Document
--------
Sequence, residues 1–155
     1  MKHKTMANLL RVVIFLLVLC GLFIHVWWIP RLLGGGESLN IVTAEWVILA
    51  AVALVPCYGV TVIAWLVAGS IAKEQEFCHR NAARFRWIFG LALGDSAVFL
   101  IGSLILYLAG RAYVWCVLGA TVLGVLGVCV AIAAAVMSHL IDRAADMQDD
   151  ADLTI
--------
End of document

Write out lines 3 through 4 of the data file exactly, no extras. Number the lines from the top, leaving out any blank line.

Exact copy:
    51  AVALVPCYGV TVIAWLVAGS IAKEQEFCHR NAARFRWIFG LALGDSAVFL
   101  IGSLILYLAG RAYVWCVLGA TVLGVLGVCV AIAAAVMSHL IDRAADMQDD